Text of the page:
Aging is a natural part of life that takes a toll on the body. Engaging in various forms of exercise can keep the body active and mobile, but stretching is of equal importance in regards to mobility. Stretching is crucial for anyone who wants to move with ease, which gets more difficult to do in old age. As you ascend the ladder of life, though, there are certain stretches to practice regularly if you want to maintain mobility.
Stretching is a great tool to maintain healthy muscles and joints. It may also delay the onset of health conditions, including diabetes and arthritis. Some studies even found that stretching can improve mental health. For seniors, stretching can play a critical role balance improvement, which may reduce the risk of falling. Although stretching will not prevent the natural changes in tendons, bones, and mobility, it may make movements easier and less painful. Continue reading to learn what these stretches are.
Standing Calf Stretch
In order to properly execute this stretch, stand with your hands on the wall for support with the feet shoulder-width apart. Step your left leg back to establish a split stance and press your left heel into the floor. Lean forward until you feel a stretch in your left calf. Hold this position for ten breaths and then repeat on the other side.
Standing Quadricep Stretch
In order to maintain mobility as a senior it’s important to keep the quadriceps limber. Before you begin, get loose by walking around the room for a couple minutes. Grab a sturdy chair and stand behind it, using the back of it as support. You will be balancing on one leg for this exercise, so please make sure the chair is stable. Hold on to the chair with your left hand, bend your right knee,\ and reach back with your right hand to grab your right ankle. Gently pull your foot towards your bottom. Hold this position for 10-30 seconds, lower your leg, and then repeat on the other leg.
Seated Lat Stretch
Stretching the lower back can help reduce tension and discomfort, but you shouldn’t neglect the lats, which are the biggest muscles in the back. Sit in a chair and plant your feet flat on the ground in front of you. Place a stability or yoga ball in front of you and lean forward, keeping the back as flat as possible. Straighten your arms across the ball and allow your head to drop between your hands. If you don’t have a stability ball, you can sit on the chair and place your hands on the couch. Hold the stretch for about 20 seconds and then return to the starting position.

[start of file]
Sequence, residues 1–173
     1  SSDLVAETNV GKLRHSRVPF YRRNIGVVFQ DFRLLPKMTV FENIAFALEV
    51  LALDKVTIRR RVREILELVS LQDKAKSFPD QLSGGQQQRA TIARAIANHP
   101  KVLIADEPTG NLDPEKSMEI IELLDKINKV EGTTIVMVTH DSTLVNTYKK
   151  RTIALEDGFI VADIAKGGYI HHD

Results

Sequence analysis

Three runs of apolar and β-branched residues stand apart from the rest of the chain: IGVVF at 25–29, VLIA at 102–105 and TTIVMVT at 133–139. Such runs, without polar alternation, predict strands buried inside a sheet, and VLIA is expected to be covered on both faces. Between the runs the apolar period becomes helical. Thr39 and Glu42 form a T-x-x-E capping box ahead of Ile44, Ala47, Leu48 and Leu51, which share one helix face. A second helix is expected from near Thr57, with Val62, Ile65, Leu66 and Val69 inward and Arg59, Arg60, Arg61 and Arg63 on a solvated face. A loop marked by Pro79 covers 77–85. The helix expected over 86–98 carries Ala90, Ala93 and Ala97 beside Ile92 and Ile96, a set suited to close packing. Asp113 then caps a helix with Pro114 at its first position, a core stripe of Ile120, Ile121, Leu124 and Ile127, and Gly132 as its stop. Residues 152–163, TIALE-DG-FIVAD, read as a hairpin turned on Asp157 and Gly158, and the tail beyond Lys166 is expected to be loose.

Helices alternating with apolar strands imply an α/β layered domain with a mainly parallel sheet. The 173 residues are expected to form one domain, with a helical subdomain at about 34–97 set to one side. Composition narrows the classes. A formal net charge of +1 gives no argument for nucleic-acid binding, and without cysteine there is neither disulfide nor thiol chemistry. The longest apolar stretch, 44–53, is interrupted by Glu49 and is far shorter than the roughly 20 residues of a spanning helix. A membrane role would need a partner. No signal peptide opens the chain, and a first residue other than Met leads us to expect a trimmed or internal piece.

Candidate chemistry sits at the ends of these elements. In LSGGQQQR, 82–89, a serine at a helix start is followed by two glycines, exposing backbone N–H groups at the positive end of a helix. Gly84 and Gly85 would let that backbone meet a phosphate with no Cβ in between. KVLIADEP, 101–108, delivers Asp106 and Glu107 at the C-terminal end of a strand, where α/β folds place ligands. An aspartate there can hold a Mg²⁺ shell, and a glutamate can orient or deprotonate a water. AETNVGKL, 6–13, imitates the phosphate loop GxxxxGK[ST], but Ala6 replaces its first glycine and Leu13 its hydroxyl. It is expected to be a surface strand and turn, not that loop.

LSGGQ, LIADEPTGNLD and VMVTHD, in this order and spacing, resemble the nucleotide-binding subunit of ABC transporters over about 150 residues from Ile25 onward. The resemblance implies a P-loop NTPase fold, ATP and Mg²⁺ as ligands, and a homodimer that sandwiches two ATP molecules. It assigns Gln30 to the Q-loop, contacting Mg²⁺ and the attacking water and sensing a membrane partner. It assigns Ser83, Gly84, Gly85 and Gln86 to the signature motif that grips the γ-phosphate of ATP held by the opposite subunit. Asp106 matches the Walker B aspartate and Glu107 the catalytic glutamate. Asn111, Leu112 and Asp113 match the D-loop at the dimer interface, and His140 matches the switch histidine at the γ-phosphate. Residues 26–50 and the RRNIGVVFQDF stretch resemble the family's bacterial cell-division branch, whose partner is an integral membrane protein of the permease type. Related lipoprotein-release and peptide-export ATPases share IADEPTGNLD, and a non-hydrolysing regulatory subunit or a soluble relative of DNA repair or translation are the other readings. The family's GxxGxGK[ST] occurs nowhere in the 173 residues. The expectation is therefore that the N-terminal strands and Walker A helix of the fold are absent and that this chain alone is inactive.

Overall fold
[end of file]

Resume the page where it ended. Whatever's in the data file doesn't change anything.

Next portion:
Overhead Side Stretch
You can remain in the chair from the previous stretch, but sit up straight. Extend your right arm overhead and hold the side of the chair with your left hand. Keep the torso long as you lean to the left until you feel a stretch in the oblique area. Hold this stretch for 10-30 seconds and then return back to the starting position. Repeat on the other side.
Warning: if you’ve had a hip replacement, it may be beneficial to check with your doctor before engaging in this stretch. You can sit on a bench or in a chair with another chair across from you. Extend your right leg out to place it on the chair in front fo you, keeping the toes facing up. Keep your left foot planted on the floor. While engaging your abs and keeping your back straight, slowly lean forward until you feel a stretch in your hamstring. Do not round your back, as that is not the point of the stretch. Hold this stretch for 10-30 seconds and then slowly return to the starting position. Repeat on the other leg.
This stretch aims to open up the shoulders, which can alleviate pain that you experience within the shoulder joint. Stand or sit straight up and plant your feet on the floor hip-distance apart. With your left hand, grab the outside of your right forearm and bring it across your chest until you feel a stretch on the outside of your right shoulder. Keep your right arm just below shoulder height during the stretch. Hold this position for 10-30 seconds and then repeat on the other arm.